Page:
In this July 9, 2018 file photo, Harvey Weinstein is escorted in handcuffs to a courtroom in New York. (AP Photo/Richard Drew, File)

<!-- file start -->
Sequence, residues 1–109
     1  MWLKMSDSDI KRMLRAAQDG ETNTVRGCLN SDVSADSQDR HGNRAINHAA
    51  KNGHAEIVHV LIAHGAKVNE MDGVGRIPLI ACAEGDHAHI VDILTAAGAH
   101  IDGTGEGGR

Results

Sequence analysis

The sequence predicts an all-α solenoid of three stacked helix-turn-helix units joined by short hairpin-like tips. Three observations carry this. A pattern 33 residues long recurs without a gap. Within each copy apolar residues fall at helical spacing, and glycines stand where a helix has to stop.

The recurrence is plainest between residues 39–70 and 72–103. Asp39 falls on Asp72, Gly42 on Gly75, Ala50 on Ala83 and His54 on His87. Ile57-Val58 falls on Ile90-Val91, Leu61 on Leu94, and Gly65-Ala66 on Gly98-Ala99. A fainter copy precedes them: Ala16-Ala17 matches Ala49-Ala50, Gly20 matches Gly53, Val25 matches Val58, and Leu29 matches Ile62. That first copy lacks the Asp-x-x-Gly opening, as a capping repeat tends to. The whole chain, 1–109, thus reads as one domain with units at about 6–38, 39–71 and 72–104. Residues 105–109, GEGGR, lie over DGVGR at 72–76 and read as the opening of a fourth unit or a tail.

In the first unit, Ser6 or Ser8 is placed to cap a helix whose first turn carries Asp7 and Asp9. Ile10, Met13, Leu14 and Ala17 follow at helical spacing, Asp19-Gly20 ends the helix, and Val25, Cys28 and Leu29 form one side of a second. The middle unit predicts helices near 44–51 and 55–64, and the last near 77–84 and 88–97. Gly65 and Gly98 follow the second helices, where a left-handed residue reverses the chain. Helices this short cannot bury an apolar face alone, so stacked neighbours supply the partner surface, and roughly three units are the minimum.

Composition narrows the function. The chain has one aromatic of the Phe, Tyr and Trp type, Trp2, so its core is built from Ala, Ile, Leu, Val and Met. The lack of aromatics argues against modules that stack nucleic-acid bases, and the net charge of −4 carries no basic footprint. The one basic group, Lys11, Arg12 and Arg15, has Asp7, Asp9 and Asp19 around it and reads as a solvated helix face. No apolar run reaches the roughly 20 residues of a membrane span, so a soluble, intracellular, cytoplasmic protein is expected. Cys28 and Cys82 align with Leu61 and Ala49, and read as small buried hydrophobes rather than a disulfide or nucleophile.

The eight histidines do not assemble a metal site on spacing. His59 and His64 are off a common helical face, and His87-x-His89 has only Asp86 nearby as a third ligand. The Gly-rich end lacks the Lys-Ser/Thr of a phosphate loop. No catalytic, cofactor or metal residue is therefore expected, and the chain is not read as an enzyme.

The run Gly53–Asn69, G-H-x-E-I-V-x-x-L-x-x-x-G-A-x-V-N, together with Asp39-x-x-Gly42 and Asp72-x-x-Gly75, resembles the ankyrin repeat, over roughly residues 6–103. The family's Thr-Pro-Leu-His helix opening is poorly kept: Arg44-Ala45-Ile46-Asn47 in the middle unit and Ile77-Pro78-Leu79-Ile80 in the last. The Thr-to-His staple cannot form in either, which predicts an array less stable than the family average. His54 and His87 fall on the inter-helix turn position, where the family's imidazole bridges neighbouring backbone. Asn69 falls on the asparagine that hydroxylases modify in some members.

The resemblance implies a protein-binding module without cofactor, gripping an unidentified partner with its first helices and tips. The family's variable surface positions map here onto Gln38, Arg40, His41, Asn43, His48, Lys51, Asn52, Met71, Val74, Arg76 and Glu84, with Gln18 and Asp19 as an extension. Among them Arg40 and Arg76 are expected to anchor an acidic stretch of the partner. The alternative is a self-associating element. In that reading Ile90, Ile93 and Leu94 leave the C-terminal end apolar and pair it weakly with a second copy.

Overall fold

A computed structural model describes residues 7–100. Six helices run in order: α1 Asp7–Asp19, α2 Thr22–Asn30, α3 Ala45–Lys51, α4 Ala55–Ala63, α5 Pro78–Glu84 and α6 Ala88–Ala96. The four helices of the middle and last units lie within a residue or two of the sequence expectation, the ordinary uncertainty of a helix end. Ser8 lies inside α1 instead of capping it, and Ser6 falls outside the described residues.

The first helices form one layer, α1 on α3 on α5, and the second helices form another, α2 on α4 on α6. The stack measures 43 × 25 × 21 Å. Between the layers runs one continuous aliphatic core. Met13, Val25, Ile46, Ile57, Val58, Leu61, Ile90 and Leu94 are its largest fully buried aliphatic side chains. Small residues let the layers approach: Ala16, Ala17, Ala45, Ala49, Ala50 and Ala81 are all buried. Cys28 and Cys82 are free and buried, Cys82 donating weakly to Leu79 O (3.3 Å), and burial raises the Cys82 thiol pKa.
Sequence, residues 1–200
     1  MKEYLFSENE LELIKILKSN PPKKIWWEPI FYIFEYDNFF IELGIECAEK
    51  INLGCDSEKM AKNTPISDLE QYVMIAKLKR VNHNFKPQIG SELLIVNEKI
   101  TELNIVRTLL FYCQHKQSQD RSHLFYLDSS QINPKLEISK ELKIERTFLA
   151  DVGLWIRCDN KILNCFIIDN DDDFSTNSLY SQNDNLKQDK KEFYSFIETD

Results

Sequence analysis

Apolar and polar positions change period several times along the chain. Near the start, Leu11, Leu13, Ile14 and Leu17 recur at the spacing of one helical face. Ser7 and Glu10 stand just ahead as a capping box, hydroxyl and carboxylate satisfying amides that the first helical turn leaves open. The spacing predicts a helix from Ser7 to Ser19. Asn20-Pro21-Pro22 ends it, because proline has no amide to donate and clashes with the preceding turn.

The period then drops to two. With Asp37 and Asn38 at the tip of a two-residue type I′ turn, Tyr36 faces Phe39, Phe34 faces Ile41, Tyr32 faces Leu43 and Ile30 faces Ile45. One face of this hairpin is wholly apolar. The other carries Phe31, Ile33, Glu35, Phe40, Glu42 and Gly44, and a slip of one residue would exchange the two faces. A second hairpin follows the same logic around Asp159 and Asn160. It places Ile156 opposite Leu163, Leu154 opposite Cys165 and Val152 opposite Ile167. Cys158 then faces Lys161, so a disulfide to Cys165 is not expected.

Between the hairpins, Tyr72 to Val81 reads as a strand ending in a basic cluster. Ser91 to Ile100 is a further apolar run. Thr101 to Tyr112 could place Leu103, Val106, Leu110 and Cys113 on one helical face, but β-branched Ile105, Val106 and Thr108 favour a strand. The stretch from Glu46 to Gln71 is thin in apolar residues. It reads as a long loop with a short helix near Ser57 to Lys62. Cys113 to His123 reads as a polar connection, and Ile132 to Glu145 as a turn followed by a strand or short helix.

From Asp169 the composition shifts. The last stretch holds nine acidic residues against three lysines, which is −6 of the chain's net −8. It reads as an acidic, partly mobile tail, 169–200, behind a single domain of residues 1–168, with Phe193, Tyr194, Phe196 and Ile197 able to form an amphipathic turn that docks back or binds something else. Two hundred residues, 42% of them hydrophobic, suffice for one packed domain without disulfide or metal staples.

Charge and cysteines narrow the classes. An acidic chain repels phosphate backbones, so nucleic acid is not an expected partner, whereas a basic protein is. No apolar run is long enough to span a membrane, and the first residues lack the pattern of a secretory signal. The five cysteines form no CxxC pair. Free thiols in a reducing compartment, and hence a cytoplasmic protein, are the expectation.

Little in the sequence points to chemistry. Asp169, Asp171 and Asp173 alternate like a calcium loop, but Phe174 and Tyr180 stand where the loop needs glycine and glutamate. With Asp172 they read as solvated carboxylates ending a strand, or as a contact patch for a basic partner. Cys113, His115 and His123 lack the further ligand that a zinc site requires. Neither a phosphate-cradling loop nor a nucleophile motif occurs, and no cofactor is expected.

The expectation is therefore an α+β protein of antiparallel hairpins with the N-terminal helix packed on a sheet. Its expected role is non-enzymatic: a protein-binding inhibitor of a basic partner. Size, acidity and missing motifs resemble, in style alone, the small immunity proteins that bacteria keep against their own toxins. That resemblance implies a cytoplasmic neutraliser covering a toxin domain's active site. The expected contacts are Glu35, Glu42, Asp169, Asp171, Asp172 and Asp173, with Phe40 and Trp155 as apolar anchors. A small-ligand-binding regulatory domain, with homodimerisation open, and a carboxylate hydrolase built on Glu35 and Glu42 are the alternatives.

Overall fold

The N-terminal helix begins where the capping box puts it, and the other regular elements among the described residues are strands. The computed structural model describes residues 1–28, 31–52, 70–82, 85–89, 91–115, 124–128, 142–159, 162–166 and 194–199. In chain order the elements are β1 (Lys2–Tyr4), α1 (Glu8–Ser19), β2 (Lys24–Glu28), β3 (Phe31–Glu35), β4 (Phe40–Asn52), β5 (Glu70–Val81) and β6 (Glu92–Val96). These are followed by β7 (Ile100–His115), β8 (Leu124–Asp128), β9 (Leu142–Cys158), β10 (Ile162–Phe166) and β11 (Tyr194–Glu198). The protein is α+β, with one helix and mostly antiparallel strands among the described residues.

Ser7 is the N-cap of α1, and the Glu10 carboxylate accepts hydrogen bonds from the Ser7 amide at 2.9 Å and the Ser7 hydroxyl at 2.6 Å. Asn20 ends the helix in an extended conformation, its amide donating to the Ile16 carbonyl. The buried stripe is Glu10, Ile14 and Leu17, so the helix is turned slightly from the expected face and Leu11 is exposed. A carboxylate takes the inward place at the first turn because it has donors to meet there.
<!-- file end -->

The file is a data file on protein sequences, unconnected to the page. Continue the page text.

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A task force launched last November by Los Angeles County District Attorney Jackie Lacey to handle the surge in allegations against entertainment figures has taken up criminal cases involving nearly two dozen entertainment-industry figures.The lack of prosecutions stems from a clash between the #MeToo ethos, which encourages victims to come forward years or even decades after abuse and harassment that they've kept private, and a legal system that demands fast reporting of crimes and hard evidence.The task force has considered charges against 22 suspects, including Weinstein, Kevin Spacey, director James Toback and former CBS CEO Leslie Moonves, all of whom have denied engaging in any sex that was not consensual.Cases involving six suspects, including Weinstein and Spacey, both of whom have multiple accusers, remain open.In 14 of the closed cases, charges were declined because the allegations were reported too late and thus outside the statute of limitations. Courts have ruled that statutes of limitations cannot be altered to include suspects who are already past them, so the new laws only apply to crimes from 2017 onward, meaning the practical effects likely won't be felt for years.
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